An Exclusive Authorlink Interview With Jed Donahue
Editor of Crown Forum (Random House), Political Imprint
By Doris Booth
Part II of II on Conservative Political Publishing
The New York publishing industry–cleaving mostly to the political left for decades–is at last striving to create a more balanced literary landscape. Two major publishers, Crown (Random House) and Penguin Putnam each recently launched new conservative socioeconomic and political lines, reflecting (or perhaps cashing in on) the changing mood of the country under a Republican President, a GOP majority in the House, Senate, and among U.S.governors. A third house, HarperCollins, in October 2003 assigned Perfectbound editor Sean Abbott as senior editor for HarperCollins General Books which will focus on works by conservative authors. This is the second of a two-part series on how the first two top publishers see their missions and why they decided to emphasize the conservative perspective.
In Part II we talk with Jed Donahue, editor of Crown Forum at Random House. Donahue, bright, efficacious, and 30-something, was hired in June 2003 to head the new Crown Forum imprint.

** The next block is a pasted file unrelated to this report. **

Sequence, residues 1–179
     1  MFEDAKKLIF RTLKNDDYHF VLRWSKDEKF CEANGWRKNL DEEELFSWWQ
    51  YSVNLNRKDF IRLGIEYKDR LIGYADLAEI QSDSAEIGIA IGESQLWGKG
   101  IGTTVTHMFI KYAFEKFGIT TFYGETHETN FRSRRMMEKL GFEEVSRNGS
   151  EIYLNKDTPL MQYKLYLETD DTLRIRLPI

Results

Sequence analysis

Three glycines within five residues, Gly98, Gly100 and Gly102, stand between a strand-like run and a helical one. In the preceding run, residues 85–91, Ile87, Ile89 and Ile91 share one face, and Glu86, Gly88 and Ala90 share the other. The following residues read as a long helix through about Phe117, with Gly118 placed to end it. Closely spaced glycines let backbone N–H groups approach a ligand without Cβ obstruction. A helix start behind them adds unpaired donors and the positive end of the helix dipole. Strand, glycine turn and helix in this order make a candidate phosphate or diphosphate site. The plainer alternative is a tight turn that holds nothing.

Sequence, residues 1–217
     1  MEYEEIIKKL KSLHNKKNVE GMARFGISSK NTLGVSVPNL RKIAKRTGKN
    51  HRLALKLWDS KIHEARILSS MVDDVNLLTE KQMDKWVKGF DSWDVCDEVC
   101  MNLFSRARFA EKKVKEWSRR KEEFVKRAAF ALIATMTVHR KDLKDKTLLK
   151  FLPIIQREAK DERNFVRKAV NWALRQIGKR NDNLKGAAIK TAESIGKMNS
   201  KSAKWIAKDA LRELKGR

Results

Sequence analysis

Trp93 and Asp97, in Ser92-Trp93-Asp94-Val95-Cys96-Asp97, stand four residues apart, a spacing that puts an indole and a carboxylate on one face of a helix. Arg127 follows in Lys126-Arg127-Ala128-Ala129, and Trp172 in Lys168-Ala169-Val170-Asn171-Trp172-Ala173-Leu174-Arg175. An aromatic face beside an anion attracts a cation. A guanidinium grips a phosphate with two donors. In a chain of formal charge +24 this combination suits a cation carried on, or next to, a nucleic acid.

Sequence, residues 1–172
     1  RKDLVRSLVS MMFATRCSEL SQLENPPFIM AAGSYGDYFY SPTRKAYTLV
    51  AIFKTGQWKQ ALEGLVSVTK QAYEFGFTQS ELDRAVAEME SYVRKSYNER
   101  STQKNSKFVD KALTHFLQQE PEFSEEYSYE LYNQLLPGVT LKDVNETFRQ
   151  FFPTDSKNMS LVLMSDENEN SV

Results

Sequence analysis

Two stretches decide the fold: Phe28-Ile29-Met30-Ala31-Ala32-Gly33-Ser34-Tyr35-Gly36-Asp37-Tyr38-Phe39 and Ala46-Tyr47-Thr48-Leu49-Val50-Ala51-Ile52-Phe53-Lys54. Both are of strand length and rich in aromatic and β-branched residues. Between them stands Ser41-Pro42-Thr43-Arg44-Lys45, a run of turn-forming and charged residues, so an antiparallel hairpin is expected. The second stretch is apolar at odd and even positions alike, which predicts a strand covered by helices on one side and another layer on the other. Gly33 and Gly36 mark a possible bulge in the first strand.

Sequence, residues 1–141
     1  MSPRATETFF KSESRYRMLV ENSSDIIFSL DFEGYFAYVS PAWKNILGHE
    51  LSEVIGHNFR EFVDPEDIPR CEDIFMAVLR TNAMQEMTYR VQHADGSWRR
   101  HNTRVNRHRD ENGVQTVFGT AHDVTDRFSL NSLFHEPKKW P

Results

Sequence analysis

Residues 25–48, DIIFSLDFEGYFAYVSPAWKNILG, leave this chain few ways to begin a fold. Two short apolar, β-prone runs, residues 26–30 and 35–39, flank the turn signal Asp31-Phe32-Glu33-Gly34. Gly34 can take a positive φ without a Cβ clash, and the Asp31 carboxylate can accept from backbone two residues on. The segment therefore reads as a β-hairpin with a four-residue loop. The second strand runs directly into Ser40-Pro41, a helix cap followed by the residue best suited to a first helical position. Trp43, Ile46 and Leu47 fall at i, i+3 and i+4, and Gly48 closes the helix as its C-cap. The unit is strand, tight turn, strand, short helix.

"Crown recognized a vast community of readers–half the American population, really–that was being underserved by the publishing industry. –Donahue
AUTHORLINK TO CROWN'S DONAHUE: How did the Crown Forum line come into being?
DONAHUE: Fundamentally, Crown recognized a vast community of readers–half the American population, really–that was being underserved by the publishing industry. Crown Forum was formally launched this past spring, but the preparation actually began a couple of years earlier. The imprint is an expansion on the Forum line of conservative nonfiction previously published by Prima Lifestyles, which became part of Crown in 2001. Then in 2002 Crown published Ann Coulter's Slander, which talks about the liberal slant in countless American institutions, including book publishing. Ann knew from experience: here she was, a bestselling author, and publishers wouldn't touch Slander before Crown signed it. And that book became a number one New York Times bestseller for many weeks. So these things opened Crown's eyes, not only to the considerable market opportunity but also to the fact that we should be publishing for the whole country. And the market has been responding: Our first three books have been New York Times bestsellers, including our debut title, Ann Coulter's Treason, which was published in June 2003 and now has over 500,000 copies in print.